Guide to Crochet Hooks

The Hook

If you’re new to crochet, you may wonder why there are so many different types of crochet hooks... and how do you figure out which one to use? The answer is simple: one size does NOT fit all—every crocheter is different. We each crochet in our own unique way, and we make a variety of different projects.

Let us help you choose the right crochet hook for you!

Anatomy of a Crochet Hook

  • 1. head: the point of the hook
  • 2. throat: the inner part of the hook
  • 3. shaft
  • 4. grip
  • 5. handle
Anatomy of a Hook

Which Hook Should I Use?

Which Hook

Crochet hooks typically fall into two different categories: and crochet fans usually have a preference for one or the other. Often, this preference is as simple as liking the type of hook you used when you learned to crochet.

Inline Hooks often have pointy heads that are the same size as their shafts, which are shorter in length. Some crocheters feel that the shape of an inline hook helps create uniform-sized stitches and contributes to more consistent tension.

Tapered Hooks often have a rounded head with a smaller throat than the shaft and longer shaft length. Some crocheters find it easier to get the head through stitches and like the additional length for extra crochet mobility..

It all comes down to your personal preference. We suggest experimenting with both styles of crochet hooks to see which suits you best.

The Hold

How Do I Hold My Crochet Hook?

There are many different ways to hold your crochet hook. The way YOU choose will depend on the type of crochet project you’re working on as well as what’s comfortable for you. Most people choose from two main grips:

The Pencil Grip Your hook is held like a pencil, with a three-fingered pinch. (shown in the top image)

The Knife Grip Your hook is held like a steak knife, with your last three fingers controlling the motion of the hook. (shown in the bottom image)

We’ve covered the main two ways to hold a crochet hook here, but there are several more. As you progress in your crochet journey, you will find that some grips are more effective for certain types of crochet than others. Keep in mind that there is no right or wrong way to hold a crochet hook—find what works best for you!

Pencil Grip Knife Grip

The Size

Size Chart

Crochet Hook Sizes

Crochet hooks are measured in millimeters (mm), but also have a corresponding letter from the alphabet and/or number (US size), though these can vary depending on the manufacturer.

Different hook sizes can be chosen for different purposes. If you want your crocheted fabric to have an open airy weave, choose a larger hook. If you want your fabric to be dense with minimal holes (like with amigurumi) choose a smaller hook.

Each yarn label usually has a recommendation for what hook size to use with that particular yarn. Use the hook size recommendation as a jumping-off point to help you figure out which hook to use, but do pay attention to the gauge swatch recommendation if you are making a crochet pattern that needs to fit a particular way.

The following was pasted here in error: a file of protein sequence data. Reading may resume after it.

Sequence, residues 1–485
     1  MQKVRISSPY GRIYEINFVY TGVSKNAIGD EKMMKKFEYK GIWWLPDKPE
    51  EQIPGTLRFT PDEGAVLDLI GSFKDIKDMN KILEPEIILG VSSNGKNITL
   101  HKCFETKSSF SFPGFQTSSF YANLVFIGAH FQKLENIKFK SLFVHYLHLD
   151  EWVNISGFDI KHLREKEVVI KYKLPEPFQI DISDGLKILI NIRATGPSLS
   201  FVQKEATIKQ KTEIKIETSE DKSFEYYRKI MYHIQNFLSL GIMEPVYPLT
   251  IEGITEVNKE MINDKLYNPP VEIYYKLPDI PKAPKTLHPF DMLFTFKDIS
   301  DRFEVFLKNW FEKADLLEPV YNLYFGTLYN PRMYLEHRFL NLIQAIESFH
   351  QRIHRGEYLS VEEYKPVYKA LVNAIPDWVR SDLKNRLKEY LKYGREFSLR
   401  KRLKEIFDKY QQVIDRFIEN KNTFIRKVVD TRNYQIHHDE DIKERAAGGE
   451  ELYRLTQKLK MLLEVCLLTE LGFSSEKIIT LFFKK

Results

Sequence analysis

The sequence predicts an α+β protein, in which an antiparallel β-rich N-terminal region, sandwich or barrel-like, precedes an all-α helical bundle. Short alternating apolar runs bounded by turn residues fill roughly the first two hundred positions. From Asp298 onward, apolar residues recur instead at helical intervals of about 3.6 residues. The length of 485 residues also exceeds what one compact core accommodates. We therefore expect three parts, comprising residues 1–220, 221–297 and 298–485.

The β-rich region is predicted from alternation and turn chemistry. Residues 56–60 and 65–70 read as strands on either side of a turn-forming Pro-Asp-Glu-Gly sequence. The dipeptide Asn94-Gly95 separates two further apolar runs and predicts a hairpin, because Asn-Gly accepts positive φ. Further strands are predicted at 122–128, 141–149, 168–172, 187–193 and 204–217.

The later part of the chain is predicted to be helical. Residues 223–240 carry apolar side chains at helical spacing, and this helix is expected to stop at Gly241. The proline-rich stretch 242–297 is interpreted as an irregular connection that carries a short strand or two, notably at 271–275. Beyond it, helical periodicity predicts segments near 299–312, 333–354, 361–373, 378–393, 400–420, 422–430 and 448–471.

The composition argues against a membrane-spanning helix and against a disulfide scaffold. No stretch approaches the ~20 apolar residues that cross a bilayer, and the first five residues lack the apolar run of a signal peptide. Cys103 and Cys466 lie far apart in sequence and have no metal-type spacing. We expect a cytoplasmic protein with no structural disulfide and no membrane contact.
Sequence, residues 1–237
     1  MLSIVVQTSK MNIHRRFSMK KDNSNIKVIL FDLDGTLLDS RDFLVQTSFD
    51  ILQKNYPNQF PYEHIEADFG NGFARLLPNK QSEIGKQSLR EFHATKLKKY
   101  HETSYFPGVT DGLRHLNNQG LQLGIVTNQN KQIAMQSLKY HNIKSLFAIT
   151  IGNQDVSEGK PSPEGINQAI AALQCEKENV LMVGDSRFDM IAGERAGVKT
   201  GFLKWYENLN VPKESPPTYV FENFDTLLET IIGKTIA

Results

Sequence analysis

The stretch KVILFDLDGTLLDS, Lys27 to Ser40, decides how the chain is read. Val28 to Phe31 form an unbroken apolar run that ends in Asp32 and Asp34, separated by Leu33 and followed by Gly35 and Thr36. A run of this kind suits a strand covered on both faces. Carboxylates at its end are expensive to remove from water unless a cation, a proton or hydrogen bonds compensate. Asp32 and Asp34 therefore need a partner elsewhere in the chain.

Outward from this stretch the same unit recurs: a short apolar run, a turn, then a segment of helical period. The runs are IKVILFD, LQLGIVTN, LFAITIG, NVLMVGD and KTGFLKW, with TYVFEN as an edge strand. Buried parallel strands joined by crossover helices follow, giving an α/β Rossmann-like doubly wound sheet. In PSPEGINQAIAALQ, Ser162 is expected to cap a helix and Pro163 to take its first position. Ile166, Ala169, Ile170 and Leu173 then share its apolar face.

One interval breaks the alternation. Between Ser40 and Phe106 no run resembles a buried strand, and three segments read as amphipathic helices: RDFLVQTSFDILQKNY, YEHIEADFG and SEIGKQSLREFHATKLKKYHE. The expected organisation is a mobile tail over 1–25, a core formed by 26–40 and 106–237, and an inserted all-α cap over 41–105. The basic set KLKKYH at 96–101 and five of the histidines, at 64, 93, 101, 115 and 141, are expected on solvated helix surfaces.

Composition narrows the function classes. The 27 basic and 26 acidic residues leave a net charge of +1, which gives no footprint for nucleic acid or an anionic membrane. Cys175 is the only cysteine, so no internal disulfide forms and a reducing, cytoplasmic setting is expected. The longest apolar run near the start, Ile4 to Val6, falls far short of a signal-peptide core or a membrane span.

The Material

Wooden Crochet Hooks

Wooden crochet hooks are made of a wood such as bamboo or a composite of dyed wood (like our Radiant Crochet Hooks). Wood is warm to the touch and a little slower to slide than aluminum hooks. They provide a nice earthy feel when you are crocheting, and are a great choice when working with more slippery yarns (especially non-organic fibers like acrylic) because they add some additional grip to keep the yarn from sliding too fast.

Plastic Crochet Hooks

Plastic crochet hooks are often made in brightly-colored plastic. They are inexpensive, readily available, and work with most yarns. Plastic crochet hooks are also lightweight and fairly slippery, and available in many sizes. Most jumbo hooks (commonly used for afghans or rug-making) are made in plastic.

Plastic hooks are great for beginners because of the low price and other features; however, they can sometimes have ridges where the seam of the plastic mold comes together (no problem, just file it off with a nail file), or they can snap if used with heavy yarn or a tight tension.

Plastic crochet hooks’ low price and light weight make them perfect for travel!

Ergonomic Crochet Hooks

Ergonomic crochet hooks have large handles that are easier to grip, and can reduce the pain associated with yarn crafting. If you experience hand fatigue when crocheting, you may find that an ergonomic crochet hook helps! Try WeCrochet Brights or Clover Soft Touch.

Steel Crochet Hooks

Steel crochet hooks are generally used for crocheting with thread or lace weight yarn. The strong steel keeps the tiny hooks from bending while making projects like lace, doilies, and beading.

Note: The numbering system for steel crochet hooks is inconsistent from brand to brand. Refer to the mm measurement when looking for a steel hook.

Crochet hooks are made in additional materials such as aluminum and bamboo. WeCrochet will be expanding their hook inventory soon—stay tuned for product updates!

The Perfect Hook for You

Find the best crochet hooks right here at WeCrochet!

Now that you know some background info about crochet hooks, you’re ready to try them out. There’s no real way to know which hook is perfect for you until you test drive some.

Get started crocheting with our Brights Crochet Hook Set.

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